Police Vs FAA Over Drone Use

San Jose Police Vs FAA On Drone Use

The Police Department of San Jose California believes it does not need FAA authorization in order to fly a drone such as the DJI Phantom Aerial UAV Drone Quadcopter for GoPro. The Federal Aviation Administration disagrees.

The SJPD purchased a Century Neo 660 Hexacopter in early 2014. They also purchased a GoPro camera and video transmitter. They spent close to $7000. San Jose calls itself “capital of Silicon Valley.” It is the tenth largest city in the US.

As we’ve reported previously, the FAA has been challenged by others who believe they cannot prohibit the use of small aircraft.

For more information see
http://arstechnica.com/tech-policy/2014/08/san-jose-police-say-faa-cant-regulate-its-drone-use-faa-disagrees/




Keep Reading...

360° HD Action Camera

A company called JK Imaging has licensed the Kodak name. The agreement enables JK Imaging to manufacture and sell Kodak branded digital imaging products. One of the most intriguing is the Kodak PixPro SP360. It captures 1080p video with a 360º field of view. This 360° HD Action Camera pairs with smart phones via WiFi […]

Read More
Vine Video

Making Money Producing Videos For Vine

Producing Vine videos for money.

Read More
Quicktime For Windows Malacious Threat

QuickTime for Windows Vulnerable to Exploit

Trend Micro, the software security company, warns there are two “critical vulnerabilities” in QuickTime for Windows and advises users to uninstall this program immediately. The Homeland Security Department also posted a warning https://www.us-cert.gov/ncas/alerts/TA16-105A based on Trend Micro’s findings and also recommends that PC users remove QuickTime from their systems. Apple stopped supporting QuickTime for Windows, […]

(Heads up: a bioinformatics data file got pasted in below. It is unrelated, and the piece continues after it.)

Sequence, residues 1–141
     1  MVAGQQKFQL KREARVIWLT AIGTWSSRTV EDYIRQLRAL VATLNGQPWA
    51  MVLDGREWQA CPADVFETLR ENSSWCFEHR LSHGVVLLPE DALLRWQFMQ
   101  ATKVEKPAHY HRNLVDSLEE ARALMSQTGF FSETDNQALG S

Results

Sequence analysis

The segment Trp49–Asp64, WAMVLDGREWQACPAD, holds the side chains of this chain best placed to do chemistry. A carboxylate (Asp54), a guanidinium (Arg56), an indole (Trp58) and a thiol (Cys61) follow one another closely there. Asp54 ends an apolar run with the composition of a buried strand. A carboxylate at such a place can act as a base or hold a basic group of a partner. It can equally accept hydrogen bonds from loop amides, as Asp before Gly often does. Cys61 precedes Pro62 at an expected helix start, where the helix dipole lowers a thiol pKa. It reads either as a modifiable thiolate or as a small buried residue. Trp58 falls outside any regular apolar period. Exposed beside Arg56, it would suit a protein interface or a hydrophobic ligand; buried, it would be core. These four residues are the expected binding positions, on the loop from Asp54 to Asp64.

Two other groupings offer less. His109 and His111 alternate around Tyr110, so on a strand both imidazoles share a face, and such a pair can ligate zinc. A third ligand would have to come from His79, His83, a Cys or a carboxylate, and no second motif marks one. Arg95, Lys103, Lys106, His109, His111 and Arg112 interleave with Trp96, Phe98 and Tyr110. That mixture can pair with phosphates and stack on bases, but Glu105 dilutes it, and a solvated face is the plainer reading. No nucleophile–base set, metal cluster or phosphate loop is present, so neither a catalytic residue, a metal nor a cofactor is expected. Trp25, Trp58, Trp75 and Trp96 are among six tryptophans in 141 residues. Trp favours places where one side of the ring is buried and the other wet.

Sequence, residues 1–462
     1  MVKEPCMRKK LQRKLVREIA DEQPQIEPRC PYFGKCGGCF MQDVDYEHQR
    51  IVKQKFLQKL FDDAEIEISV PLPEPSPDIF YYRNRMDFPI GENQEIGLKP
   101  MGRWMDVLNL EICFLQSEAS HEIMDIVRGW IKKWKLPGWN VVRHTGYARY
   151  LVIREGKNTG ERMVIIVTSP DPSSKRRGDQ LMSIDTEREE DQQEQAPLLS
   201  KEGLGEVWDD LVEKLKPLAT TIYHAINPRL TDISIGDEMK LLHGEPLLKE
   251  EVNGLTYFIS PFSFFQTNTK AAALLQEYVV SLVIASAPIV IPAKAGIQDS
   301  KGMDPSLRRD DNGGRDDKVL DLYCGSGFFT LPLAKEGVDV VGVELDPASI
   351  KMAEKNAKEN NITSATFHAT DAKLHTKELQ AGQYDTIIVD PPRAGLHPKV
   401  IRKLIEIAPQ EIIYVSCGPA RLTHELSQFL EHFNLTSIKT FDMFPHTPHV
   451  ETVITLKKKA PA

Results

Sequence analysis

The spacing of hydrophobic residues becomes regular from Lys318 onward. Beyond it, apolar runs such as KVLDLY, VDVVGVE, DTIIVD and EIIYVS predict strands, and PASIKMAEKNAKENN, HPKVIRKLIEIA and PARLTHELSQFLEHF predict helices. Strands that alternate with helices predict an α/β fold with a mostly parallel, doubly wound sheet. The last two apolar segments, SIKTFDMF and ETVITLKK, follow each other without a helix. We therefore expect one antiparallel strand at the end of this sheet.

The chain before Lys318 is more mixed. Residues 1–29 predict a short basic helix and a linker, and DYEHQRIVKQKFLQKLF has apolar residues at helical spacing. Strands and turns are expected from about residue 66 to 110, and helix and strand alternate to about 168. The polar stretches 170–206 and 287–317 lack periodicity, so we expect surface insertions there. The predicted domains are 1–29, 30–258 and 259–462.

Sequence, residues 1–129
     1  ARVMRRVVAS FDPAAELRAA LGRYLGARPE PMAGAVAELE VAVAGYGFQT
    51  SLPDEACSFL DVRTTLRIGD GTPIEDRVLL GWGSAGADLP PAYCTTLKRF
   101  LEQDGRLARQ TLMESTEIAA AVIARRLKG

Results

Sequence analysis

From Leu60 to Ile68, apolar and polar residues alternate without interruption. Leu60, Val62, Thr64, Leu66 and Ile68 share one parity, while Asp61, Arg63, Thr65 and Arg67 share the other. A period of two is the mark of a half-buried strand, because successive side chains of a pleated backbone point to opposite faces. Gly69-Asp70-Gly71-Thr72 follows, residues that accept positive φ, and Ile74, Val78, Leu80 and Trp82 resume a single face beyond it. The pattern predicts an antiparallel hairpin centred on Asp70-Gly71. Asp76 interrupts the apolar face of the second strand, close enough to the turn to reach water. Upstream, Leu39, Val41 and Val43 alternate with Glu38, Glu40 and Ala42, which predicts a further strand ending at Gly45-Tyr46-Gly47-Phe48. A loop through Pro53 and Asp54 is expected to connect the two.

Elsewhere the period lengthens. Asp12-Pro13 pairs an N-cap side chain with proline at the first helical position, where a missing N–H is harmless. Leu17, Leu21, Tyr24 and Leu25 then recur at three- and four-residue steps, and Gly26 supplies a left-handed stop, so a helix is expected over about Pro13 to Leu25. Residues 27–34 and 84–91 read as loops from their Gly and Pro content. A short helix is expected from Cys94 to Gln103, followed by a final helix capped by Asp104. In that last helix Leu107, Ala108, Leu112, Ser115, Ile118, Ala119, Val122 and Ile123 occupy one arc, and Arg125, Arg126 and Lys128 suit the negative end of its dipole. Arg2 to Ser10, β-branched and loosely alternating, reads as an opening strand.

Read More

Bioshock Infinite – An Interactive Feature Film

This video game is one that all video producers should see. Bioshock Infinite is a graphic masterpiece.

Read More




Facebook Comments

One thought on “Police Vs FAA Over Drone Use

  1. Howard

    I just watched a similar story situation on TMZ about the press using drones to spy and take photos of celebrities and hover over police stations to get photos of suspects being taken in. The attorney on the show clarified that the FAA only governs “above 400 feet” so anything below 400 is a grey area that really has no laws unless the drone was to crash and cause property damage or personal harm. So technically the police do not need approval if the media does not.

    Reply

Leave a Reply

Your email address will not be published. Required fields are marked *


  • Forbes Magazine calls VideoUniversity one of the best business-to-business sites for digital video production.
  • WINNER
    Videography Magazine's
    "Website of the Month" Award
  • WINNER
    PC Magazine Online "Best Desktop Video Site" Award
  • WINNER
    CyberFilm School's "FOUR STAR" Award